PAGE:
A recent Salem City Council decision will force downtown business and property owners to lock themselves in a room and hash out who will represent their interests. An Economic Improvement District (EID) Administrator will need to be chosen in the upcoming months.
Downtown business and property owners are historically divided on how to represent themselves. Fighting, accusations of conspiracies, and backdoor deals are not uncommon. There are many different factions within the 200 businesses that make up the downtown core.
The debate on the EID consists of: the tax district itself, the annual assessment of taxes, and the administrator of the $200,000 in funds. Each is done in different increments.
The tax district itself will be in effect until June 30, 2014.
“In October 2010, the Director of Finance [Tony Mounts] took a report to the City Council that said the EID is expiring,” says Sheri Wahrgren, downtown revitalization manager for the City of Salem. The council approved the extension for three and a half years.
The assessment of taxes is given a public hearing annually coinciding with the fiscal year. Property owners are notified by mail of the public hearing and have the option of objecting to the assessment. According to the ordinance, if property owners that represent over 33 percent of the total square footage of the district object, the EID tax will not be levied. During this period, Salem City Council can adjust the assessment, but if that percentage is obtained they are unable to levy the tax.
Go Downtown! Salem’s contract as EID Administrator will expire this year on June 30. That leaves the City of Salem in the precarious position of deciding who will act as the EID Administrator.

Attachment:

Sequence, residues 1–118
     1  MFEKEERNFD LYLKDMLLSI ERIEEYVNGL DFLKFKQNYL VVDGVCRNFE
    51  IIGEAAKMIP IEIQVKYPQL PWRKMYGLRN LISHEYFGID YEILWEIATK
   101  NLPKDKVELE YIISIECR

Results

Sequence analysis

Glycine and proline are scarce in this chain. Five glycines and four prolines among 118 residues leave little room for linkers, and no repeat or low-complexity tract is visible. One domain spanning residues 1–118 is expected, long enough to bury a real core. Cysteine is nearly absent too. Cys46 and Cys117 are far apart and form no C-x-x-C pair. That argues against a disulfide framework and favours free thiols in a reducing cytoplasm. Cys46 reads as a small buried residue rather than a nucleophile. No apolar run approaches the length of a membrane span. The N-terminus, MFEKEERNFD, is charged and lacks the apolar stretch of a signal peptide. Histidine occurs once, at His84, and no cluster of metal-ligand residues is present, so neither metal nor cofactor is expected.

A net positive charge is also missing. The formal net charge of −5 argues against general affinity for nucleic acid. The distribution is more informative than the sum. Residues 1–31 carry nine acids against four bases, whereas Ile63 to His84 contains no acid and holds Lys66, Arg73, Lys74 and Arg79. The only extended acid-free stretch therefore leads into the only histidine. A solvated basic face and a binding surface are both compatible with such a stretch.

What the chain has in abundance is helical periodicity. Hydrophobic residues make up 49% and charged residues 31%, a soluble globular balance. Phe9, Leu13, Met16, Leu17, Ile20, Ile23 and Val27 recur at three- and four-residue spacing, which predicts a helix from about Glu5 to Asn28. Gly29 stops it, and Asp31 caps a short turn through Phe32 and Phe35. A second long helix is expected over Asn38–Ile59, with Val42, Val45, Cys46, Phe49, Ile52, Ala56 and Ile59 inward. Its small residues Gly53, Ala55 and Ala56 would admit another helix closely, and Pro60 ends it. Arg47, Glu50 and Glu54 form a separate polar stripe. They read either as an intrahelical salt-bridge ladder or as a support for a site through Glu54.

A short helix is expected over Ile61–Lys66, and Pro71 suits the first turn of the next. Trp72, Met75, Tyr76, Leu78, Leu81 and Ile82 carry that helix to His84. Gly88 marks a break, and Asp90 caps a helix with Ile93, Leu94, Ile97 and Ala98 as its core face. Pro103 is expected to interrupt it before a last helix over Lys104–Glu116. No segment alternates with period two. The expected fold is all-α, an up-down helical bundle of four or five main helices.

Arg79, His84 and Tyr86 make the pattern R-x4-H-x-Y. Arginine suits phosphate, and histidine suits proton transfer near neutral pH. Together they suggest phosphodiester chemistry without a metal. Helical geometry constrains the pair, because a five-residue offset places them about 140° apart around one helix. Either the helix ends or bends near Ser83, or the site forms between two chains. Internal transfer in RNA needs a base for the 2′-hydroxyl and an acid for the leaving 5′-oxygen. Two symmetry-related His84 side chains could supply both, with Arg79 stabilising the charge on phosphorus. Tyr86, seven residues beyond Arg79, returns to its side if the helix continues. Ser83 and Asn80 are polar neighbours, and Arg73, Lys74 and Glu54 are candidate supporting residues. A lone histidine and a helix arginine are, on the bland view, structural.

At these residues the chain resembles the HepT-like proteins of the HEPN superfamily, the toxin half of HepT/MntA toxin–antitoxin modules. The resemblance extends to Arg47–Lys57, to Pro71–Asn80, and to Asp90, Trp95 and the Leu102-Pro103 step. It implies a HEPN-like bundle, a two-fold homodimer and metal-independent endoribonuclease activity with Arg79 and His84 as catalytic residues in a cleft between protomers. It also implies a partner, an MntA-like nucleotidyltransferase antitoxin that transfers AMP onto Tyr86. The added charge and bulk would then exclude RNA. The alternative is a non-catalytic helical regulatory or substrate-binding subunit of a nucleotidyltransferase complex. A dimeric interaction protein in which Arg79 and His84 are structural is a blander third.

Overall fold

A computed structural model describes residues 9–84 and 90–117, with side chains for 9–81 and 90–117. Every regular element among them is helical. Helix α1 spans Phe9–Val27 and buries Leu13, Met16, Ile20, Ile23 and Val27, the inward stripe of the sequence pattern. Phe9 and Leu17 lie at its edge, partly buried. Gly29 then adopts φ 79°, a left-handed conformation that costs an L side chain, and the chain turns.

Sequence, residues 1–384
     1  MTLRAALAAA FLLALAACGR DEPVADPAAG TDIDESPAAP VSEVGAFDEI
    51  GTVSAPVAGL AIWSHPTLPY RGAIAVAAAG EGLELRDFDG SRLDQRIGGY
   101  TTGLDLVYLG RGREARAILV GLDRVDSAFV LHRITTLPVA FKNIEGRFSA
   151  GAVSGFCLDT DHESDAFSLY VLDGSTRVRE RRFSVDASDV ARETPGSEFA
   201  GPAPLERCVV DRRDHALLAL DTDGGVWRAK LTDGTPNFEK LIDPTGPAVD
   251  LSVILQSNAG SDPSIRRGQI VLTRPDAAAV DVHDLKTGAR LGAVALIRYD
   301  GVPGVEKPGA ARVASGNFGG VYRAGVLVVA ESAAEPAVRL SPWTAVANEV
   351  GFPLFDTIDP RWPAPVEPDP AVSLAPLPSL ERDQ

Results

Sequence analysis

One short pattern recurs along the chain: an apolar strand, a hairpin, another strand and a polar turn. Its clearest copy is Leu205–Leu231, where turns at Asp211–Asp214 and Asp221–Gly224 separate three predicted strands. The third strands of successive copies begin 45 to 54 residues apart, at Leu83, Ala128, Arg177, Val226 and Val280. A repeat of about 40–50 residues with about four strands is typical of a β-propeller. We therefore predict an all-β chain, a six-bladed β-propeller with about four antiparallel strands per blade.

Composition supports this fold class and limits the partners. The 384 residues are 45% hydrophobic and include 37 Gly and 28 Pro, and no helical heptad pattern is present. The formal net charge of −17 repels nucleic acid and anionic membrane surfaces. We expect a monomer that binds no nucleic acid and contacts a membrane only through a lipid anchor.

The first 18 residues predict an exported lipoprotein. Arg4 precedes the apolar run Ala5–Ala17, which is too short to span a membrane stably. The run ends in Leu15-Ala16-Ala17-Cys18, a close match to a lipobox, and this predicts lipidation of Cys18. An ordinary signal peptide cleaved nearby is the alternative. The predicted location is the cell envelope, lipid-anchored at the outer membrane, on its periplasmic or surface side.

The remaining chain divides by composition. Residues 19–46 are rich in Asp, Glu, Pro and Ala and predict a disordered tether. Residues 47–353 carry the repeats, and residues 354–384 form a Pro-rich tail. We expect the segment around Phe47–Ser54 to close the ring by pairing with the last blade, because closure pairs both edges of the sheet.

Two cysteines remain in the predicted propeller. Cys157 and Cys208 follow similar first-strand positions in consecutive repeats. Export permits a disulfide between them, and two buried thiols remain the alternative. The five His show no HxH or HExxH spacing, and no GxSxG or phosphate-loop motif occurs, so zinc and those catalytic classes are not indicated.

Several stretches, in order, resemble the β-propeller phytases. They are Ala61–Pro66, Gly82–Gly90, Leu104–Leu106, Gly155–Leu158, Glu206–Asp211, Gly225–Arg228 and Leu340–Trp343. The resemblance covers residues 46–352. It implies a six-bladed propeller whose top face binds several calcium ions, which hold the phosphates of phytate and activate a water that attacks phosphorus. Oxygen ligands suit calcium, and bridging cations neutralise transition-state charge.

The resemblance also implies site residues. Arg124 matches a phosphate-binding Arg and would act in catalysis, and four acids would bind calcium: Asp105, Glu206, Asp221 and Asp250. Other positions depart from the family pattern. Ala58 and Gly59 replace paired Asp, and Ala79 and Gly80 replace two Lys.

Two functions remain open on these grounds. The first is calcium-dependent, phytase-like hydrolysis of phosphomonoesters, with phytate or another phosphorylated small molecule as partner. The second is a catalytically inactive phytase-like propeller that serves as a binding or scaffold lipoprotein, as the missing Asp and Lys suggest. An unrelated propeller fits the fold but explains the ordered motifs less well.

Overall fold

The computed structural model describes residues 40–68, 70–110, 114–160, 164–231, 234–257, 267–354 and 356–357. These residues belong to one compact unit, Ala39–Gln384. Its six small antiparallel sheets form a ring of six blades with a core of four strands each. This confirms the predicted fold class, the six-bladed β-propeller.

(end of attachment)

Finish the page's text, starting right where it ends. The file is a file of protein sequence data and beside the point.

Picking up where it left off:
Debate on the issue has been fogged with confusion on what is being debated. Salem Chamber of Commerce took a position that included not renewing the EID on January 21, almost exactly four months after the Salem City Council approved the renewal.
“I think this is a fairly confusing process. Frankly, I don’t think there’s a clear picture of what the EID is, what the services are that should be offered by any administrator,” says City Councilor Chuck Bennett of Ward 1, which includes the downtown area.
What the City of Salem is looking for in an administrator, according to Wahrgren, is an organization that can meet the legal requirements of being the administrator, while also showing that they have the support of the business and property owners that they represent, are able to outline a plan for providing services to those businesses and providing a budget to pull it all off.
Bennett says, “I don’t think it has been a success. Go Downtown! Salem hasn’t done a good job meeting the promised services and goals.”
Wahrgren thinks that allowing the business and property owners to decide their representative will bring more support of the chosen organization. She says, “It’s just that I think we should try to get a consensus. We should try to get a majority for the expectations [of the EID administrator]. For us to be successful, we need to collaborate.”
Ending the EID?
Each fiscal year, property owners have the ability to object to the assessment. A notice is mailed to property owners within the tax district to allow to show support or object to the tax. At that time, City Councilors can consider any objections and make changes to the proposed assessment.
If the written objection exceed the 33 percent threshold, the tax would not be levied. That would effectively end the EID and the need for an administrator.
The next assessment is July 2011.